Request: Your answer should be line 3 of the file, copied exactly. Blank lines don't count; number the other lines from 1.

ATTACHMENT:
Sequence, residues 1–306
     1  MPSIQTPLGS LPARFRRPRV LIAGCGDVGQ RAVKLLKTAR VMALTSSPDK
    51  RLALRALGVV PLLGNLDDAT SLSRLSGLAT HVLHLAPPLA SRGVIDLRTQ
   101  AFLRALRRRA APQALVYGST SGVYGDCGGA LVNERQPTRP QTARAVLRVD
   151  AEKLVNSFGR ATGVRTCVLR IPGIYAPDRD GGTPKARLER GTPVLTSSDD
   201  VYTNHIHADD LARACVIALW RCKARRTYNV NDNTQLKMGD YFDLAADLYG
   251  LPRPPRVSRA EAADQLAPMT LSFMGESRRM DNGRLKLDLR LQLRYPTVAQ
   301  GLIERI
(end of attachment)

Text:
    51  RLALRALGVV PLLGNLDDAT SLSRLSGLAT HVLHLAPPLA SRGVIDLRTQ